Since Independence Day is a major patriotic holiday in the United States, there was an air of expectation in Whittington-Pfohl Auditorium that we would hear a truly rip-snort’n version of “The Star-Spangled Banner” or at least an impassioned rendering of “Oh Canada.” Alas, we didn’t get either of those, but we did get a boatload of brass tunes, a ton of showmanship, and enough rain to break out the bumbershoots while inside the shed!

Canadian Brass was formed as a chamber ensemble in Toronto, Ontario, in 1970. At the time it was a rather avant-garde concept that met with immediate success. However I can see where after thirty years of hammering the road, playing the same Sousa march for the umpteenth time, and riding the same bus can get on your nerves, so these guys have put a lot of fun and spark into the act to provide a little challenge and entertainment.

For example, the final piece on the program consisted of highlights from Georges Bizet’s Carmen. The objective was to present the entire opera in themes with each player wearing a wig or hat to represent a character. It seems the main sticking point with the opera, at least from the Canadian view, is that there is a bullfighter character but no bull. So the tuba player donned a tail and set of horns to “right this grievous omission.” Then they played five movements – the Overture, “Habanera,” Interlude, “Seguidilla,” and the “Toreador Song” – in such a rousing and fun manner, never missing a note or beat, that they earned a standing ovation from the full house.

The program included a toccata by Girolamo Frescobaldi (1583-1643) and the Rondo from the Quintet, K.407, for horn and strings by Mozart, performed brilliantly by Bernard Scully on horn. Then came a pair of similar sounding yet distinctly different works – “Bandinerie,” from J.S. Bach’s Second Orchestral Suite, and Canzona by Giovanni Gabrieli (the first to write for brass) – using antiphonal techniques with two trumpets and the tuba out in the audience while the horn and trombone played from the stage.

The lighter jazz fare was represented by Bramwell Tovey’s four-movement Santa Barbara Sonata (“Cakewalk on a Tight Rope,” “Preacher on the Pier,” “Magic Horn” and “State Street Stomp”) and a Fats Waller Tribute with “Lookin’ Good, but Feelin’ Bad,” “Loungin’ at the Waldorf,” and “Handful of Keys.” There was also a Glenn Miller set of “Moonlight Serenade,” “String of Pearls,” “American Patrol,” “At Last,” and “In the Mood,” with a stray “Danny Boy” tossed in for good measure. Here, each selection inspired some segments of the audience to sing along.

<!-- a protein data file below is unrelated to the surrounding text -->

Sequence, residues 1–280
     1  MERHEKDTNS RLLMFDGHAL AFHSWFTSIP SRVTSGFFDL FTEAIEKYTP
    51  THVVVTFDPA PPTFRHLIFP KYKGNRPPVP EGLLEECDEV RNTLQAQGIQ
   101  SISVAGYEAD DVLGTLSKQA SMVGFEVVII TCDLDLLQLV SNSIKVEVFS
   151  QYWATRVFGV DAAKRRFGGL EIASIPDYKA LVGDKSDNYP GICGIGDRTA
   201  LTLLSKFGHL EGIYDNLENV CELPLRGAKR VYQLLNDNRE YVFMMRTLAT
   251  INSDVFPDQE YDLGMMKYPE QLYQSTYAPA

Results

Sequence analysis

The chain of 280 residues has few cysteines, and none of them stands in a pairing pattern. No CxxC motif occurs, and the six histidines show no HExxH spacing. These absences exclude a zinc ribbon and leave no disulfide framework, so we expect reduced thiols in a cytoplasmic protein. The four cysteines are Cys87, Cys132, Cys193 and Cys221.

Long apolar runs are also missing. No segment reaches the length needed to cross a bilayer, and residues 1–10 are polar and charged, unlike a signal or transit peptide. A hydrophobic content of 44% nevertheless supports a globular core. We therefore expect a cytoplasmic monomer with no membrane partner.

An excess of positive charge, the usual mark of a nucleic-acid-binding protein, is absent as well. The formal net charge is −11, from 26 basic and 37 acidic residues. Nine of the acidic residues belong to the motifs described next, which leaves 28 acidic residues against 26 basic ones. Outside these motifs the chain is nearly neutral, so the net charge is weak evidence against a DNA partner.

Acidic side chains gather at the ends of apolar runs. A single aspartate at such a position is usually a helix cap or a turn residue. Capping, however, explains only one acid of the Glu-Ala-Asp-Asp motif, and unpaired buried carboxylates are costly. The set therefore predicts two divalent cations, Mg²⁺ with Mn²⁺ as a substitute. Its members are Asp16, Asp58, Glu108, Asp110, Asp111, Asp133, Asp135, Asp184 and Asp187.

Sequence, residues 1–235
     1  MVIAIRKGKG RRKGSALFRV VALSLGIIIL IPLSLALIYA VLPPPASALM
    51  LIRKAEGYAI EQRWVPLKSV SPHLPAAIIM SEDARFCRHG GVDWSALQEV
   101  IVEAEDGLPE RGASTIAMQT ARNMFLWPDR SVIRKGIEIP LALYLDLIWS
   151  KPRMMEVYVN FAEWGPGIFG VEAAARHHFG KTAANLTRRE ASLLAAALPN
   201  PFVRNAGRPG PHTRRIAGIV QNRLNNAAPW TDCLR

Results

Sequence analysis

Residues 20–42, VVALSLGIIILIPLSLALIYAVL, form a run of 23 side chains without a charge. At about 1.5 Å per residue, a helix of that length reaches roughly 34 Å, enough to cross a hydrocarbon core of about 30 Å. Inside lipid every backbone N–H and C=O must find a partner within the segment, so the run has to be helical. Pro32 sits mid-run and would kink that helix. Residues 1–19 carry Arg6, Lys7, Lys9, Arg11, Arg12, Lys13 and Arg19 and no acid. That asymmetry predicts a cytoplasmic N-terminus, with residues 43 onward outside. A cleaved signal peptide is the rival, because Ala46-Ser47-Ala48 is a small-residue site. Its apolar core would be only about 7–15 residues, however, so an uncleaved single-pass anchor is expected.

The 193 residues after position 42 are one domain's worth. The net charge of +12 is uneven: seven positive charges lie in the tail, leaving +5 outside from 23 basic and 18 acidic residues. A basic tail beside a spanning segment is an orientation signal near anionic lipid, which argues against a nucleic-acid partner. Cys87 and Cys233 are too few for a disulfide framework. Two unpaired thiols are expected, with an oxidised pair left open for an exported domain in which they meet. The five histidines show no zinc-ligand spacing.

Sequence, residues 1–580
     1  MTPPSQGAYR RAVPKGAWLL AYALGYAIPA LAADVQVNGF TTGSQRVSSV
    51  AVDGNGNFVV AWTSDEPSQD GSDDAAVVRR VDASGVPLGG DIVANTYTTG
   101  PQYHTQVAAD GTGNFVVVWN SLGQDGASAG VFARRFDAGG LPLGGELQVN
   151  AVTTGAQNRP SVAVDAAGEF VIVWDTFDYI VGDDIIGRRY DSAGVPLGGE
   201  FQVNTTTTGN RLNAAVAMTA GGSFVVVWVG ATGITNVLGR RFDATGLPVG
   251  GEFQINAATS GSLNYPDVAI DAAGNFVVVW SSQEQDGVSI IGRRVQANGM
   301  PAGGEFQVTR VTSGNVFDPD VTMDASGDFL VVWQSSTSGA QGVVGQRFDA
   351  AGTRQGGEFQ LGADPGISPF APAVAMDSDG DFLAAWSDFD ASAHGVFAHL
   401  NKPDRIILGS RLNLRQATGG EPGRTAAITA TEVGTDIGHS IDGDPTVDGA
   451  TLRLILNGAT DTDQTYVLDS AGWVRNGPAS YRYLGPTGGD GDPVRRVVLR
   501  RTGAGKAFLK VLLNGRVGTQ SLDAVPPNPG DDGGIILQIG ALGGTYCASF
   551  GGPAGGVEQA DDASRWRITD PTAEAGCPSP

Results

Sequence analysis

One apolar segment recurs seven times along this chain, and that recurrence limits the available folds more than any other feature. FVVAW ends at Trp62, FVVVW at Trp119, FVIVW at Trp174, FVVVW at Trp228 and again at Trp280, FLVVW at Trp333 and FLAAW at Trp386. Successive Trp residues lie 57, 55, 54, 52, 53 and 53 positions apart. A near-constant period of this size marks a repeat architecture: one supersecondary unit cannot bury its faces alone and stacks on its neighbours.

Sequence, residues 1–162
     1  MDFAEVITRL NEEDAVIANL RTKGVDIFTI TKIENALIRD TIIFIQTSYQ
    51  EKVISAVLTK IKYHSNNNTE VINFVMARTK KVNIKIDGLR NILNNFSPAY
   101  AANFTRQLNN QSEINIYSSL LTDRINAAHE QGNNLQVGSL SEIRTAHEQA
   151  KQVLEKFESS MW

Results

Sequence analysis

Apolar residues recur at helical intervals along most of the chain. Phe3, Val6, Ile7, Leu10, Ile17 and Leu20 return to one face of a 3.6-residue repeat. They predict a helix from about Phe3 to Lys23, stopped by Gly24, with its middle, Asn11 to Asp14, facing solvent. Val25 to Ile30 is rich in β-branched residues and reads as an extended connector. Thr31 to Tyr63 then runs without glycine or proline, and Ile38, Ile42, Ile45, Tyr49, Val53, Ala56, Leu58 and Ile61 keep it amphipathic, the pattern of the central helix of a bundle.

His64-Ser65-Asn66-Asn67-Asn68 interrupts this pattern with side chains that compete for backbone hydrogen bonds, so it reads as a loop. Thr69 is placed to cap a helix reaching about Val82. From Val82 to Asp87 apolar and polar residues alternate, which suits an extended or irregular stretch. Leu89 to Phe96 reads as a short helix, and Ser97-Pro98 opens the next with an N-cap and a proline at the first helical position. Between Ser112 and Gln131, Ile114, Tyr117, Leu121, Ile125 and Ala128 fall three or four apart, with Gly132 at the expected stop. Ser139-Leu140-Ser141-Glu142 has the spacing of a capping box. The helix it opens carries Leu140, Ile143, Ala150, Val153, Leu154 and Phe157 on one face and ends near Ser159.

But the most popular set was a through-arranged medley of works by John Phillip Sousa ending with “The Stars and Stripes Forever.” As I mentioned in the “Black Watch and Welsh Guards” article earlier this year, to convey the majesty of patriotic works you need full-on brass, and they can’t miss. I’m talking about where the hair on the back of your neck stands up! These guys didn’t miss all night. It was a clinic of brass playing, perfect intonation, ensemble flexibility, and fun staging that kept everyone engaged for the entire program.

Ronald Romm, trumpet, Gene Watts, trombone, and Chuck Daellenbach, tuba and Main Spokesperson, are all original members of the group. Ryan Anthony, trumpet, and Bernard Scully, horn, are the young newcomers. This group has toured the world, performed with major symphony orchestras and expanded the repertoire for brass ensembles in ways that have already made them legends.

One of my classmates from school was a part time illustrator for fun. He would draw humorous caricatures of brass instruments and always include a “clam release valve.” This is where all the wrong notes (clams) go instead of out through the main bell. I showed one of these drawings to my girlfriend. She said, “Yeah, he’s not well.”

I’d have to say the same is true of the Canadian Brass. And they are having so much fun!